Iraq/Syria Policy Paralysis

Characteristically, the CNN and Reuters reporting on this is extremely U.S. centric. It’s not a question of bias, but rather, a simplification of the regional actors.  In U.S.-centric reporting, Turkey becomes no more than an obstacle to the implementation of U.S. policy objectives. In Aaron Stein’s article for Al Jazeera, a specific reason comes to light for Ankara’s refusal to intervene: they want a strong central state in Syria. Without it, a “free city of Kobane” (spelled “Kobani” on U.S. sites), could become a base for Kurdish insurgency in Turkey.

It is almost reasonable to surmise that, in comparison to a Kurdish “Free Kobani”, Turkey would prefer an ISIS state across the border, because ISIS would lack significant insurgent potential inside Turkey. By comparison, there are enough Kurds in the eastern provinces of Turkey to tear the country apart from the inside.

So the demand by Turkey on the U.S. that Turkish boots be accompanied by removal of the Assad regime may not be analogous to the typical U.S. quixotic quest for human rights. Erdoğan’s previous friendship with Assad was undeterred by the atrocities of Syria’s Mukhbarat toward Sunnis prior to civil war.  Stein’s article implies that Turkey wants a strong central state in Syria to frustrate the formation of a Kurdish state. And, according to the Turks, this cannot be accomplished under the aegis of the Assad regime. But (new idea) it might be accomplished in the presence of the Assad regime.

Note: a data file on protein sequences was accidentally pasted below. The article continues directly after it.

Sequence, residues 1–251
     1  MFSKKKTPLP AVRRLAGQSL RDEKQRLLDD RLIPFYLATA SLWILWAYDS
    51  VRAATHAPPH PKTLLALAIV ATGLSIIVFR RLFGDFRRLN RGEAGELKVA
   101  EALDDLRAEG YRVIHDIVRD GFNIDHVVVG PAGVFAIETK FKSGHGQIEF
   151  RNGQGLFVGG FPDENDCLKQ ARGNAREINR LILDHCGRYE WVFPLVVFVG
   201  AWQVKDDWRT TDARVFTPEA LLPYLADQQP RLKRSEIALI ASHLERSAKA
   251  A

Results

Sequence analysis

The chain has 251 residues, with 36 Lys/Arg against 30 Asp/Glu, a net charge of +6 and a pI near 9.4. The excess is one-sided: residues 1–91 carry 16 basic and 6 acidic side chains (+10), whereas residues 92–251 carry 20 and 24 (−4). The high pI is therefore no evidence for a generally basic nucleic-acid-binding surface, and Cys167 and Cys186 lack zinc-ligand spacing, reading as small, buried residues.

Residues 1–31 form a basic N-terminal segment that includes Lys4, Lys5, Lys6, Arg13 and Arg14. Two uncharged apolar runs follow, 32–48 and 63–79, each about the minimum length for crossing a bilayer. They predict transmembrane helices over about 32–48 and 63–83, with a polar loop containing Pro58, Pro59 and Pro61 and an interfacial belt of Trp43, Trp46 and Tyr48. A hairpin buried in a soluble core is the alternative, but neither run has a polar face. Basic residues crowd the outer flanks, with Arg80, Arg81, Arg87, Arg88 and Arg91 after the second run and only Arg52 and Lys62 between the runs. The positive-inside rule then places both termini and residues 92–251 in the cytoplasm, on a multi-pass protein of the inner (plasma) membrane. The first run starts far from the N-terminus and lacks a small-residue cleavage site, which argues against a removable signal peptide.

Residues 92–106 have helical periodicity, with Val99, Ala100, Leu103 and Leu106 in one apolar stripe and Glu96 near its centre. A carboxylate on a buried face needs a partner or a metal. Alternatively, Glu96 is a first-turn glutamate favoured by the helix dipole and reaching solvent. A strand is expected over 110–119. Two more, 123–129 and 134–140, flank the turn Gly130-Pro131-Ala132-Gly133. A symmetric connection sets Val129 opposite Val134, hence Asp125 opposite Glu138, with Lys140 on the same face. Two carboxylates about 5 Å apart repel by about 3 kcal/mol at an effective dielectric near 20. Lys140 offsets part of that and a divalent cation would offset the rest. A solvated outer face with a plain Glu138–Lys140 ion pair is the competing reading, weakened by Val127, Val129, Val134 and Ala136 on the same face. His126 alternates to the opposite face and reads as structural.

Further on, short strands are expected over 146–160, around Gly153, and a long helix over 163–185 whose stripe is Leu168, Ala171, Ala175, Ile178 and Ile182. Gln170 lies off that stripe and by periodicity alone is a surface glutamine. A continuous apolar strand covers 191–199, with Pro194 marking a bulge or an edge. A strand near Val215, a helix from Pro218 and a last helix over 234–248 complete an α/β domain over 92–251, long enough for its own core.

Recall how quickly the Iraqi army collapsed in early August, prior to Maliki’s departure on 8/15, and how this was supposed to vitalize a new coalition. It did not. It appears another rout is in the making, and the same people are exercising the same decision processes, because they have the same brains and mindsets as they did on August 15 of this year.

Desperate times call for desperate measures. But “desperate” is not synonymous with “futile.” As history is written by the victors, there is always the slight possibility of exoneration. But given the astonishing collapse in August, the next rout may well have the remnant Shi’ites cowering in the shrines of Karbala, while the Sunni Anbar tribesmen, who at least tried to do the right thing, suffer the unspeakable tortures of the vanquished in ancient times.

Next, an examination of decision processes specific to this situation.

 

 

 

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